Amy Stern (bigbrotherreads) wrote,
Amy Stern

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In which I am defensive of Eric Carle

When I was in high school, my favorite movies were The Princess Bride and Heathers. I did my homework to these movies. I fell asleep watching these movies. I bought the scores to the movies and listened to them at school. Somewhere along the line, they went from "favorite movie that engaged me completely" to "comfortable background noise." They were reassuring and delightful. I would look up at key moments occasionally, but it wasn't any particular part of the movie I needed. It was having it there that mattered, and it was probably part of what got me through high school in one piece. I do not think I am permanently scarred from that.

This was my first reaction to reading Daniel B. Smith's article on Slate maligning Eric Carle's work. Actually, it was my second reaction. My first was to rant at my roommate for a while about how unreasonable and unfair it is. Apparently I love Eric Carle's work enough to get epically defensive of him.

Part of this is that I spend an absurd amount of time with collage stuff. I know how hard it is. Nearly all of my favorite artists work with mixed media and/or collage. What Carle did was amazing. Yes, because of the things that the author acknowledges in that post- how it's developmentally appropriate and how kids love it- but it's also GOOD. It's visually striking even to an adult, which is a way that grown-ups can consistently derive pleasure. The narrative isn't that interesting? Dude, it's not for you.

Which is not to say a parent reading the same thing every night isn't allowed to be bored, or annoyed, because s/he totally is. The problem comes from branching out to say that the issue is because of the author or book. Saying "Eric Carle... sucks" is basically sacrilege to me, especially when the logic is as follows:
Anyone who thinks that writing a good book for a 2-year-old is easier than writing a good book for a 32-year-old is deluded. The children's author has a monumental task. First, he must entertain, educate, stimulate the imagination of, etc., the child. That's primary. But he must also entertain, educate, stimulate the imagination of, etc., the parent. This is secondary but, for the continued sanity of the reader-parent, of great importance. Toddlers are strong-willed; they will choose the books they want to read, and the parent has to comply at pain of tantrum. Lesser writers manipulate this fact. They serve only the child. Pat the Bunny is like this: flat, rote, simplistic—cheaply exciting for the toddler, who is happy to know what's coming next and how everything is going to end, but a source of excruciating boredom for the parent.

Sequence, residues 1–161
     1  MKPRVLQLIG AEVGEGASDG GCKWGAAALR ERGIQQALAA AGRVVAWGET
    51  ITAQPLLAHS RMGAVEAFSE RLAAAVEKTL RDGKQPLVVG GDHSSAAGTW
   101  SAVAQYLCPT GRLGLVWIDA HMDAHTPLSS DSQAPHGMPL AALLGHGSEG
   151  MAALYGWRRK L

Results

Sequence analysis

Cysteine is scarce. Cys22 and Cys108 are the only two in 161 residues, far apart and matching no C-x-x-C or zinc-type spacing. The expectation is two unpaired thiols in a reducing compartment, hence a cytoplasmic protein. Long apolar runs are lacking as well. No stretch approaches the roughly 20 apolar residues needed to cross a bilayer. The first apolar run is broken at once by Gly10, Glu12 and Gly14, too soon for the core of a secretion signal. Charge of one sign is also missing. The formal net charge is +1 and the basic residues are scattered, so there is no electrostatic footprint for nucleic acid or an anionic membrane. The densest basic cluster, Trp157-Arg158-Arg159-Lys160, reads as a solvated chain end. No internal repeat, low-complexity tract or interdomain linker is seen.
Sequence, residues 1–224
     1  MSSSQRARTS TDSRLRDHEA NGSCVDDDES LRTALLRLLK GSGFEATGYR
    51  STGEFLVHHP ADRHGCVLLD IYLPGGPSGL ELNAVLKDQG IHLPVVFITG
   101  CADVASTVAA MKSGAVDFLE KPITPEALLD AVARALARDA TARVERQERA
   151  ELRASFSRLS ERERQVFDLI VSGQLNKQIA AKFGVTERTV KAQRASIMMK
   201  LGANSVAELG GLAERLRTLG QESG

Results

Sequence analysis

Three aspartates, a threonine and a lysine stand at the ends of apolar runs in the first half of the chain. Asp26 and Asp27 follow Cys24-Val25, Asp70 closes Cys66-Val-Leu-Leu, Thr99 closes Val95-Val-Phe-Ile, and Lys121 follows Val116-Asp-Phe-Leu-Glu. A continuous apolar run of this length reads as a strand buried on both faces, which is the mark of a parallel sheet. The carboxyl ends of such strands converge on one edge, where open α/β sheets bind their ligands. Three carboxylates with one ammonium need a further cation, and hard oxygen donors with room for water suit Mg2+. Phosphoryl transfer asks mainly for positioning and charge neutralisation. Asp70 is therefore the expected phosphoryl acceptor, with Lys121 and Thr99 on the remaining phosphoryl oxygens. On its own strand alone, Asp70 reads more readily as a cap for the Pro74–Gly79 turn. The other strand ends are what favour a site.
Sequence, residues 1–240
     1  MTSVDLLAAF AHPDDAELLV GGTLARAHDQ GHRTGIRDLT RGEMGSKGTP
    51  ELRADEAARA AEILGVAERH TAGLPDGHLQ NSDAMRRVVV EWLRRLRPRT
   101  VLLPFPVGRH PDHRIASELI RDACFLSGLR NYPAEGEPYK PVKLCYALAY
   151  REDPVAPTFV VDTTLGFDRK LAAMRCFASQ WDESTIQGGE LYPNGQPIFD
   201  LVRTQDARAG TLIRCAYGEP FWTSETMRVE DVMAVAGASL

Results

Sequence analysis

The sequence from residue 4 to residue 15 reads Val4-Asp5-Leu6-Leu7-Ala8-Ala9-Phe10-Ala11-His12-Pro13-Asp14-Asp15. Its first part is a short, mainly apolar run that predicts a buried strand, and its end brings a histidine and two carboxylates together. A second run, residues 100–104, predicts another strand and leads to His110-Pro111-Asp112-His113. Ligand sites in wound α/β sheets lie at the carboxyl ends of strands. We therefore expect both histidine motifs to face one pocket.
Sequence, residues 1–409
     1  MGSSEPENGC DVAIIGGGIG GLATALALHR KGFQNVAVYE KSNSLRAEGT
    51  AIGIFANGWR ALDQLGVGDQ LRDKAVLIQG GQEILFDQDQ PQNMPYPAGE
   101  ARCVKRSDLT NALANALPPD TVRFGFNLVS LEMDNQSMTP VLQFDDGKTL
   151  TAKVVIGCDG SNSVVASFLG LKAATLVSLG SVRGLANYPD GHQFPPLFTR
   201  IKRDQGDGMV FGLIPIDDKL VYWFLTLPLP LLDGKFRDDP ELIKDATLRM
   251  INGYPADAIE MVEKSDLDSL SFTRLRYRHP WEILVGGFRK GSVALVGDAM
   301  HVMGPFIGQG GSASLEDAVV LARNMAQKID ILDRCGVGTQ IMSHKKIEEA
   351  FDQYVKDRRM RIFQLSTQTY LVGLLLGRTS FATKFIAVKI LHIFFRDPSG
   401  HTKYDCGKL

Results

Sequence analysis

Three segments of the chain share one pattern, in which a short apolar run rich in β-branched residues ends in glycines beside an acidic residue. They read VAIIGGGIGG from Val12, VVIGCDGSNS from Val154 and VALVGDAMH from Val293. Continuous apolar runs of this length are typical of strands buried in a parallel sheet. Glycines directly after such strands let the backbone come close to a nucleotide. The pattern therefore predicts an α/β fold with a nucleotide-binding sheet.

First of all, STEP BACK FROM PAT THE BUNNY >:(. She did nothing to you and she serves a very important purpose.

But more importantly, there is a time and a place where I genuinely believe that one of the most important things about a picturebook is its appeal to adults. That time is the first few months of a child's life, when the reading is largely to demonstrate what reading IS and develop closeness between the reader and the read-ee. The sound of voices reading, the tactile benefits of holding the book-- when it's all about that, I don't really think it matters much what you're reading as long as you're reading. Once a child is old enough to have preferences, though, the book is for them. Appealing to the adult is a nice bonus, but when it's time for bedtime, the adult isn't there for the story. Adults serve as conduits between the story and the child, and by being that conduit it's possible to develop a stronger relationship. But the adult's primary response isn't supposed to be to the text, it's to the kid.

Which is not to say Sendak (who he holds up as the anti-Carle) is not amazing. Sendak is AWESOME, and he wrote and/or illustrated a lot of things that I love deeply. But the idea that one or the other is "better" by anything besides purely subjective aesthetic preference isn't just laughable, it's insulting, both to children who have favorite picturebooks and to adults who still enjoy children's lit.

No matter how simple the narrative supposedly is, as any academic can tell you, there are always layers to be found. Background noise can be static, but it can also provide benefits that, at the time, are completely unnoticed. I ended up writing papers in college about Heathers, and its portrayal of spectacle and gender. When I became really interested in fairy tales, I used the way The Princess Bride twisted tropes as a way to guide some of my research.

And then I went to grad school for children's lit, and while I didn't write any of my papers on Sendak or on Carle, I totally could have. In twenty years, so could Daniel B. Smith's daughter. She could revolutionize the field with insight we've never even thought of.

Or one day she could find a new book, fall in love with Mo Willems's illustrations, and never think about Carle again. That's okay too! As long as it's her choice to make.
Tags: eric carle, picturebooks
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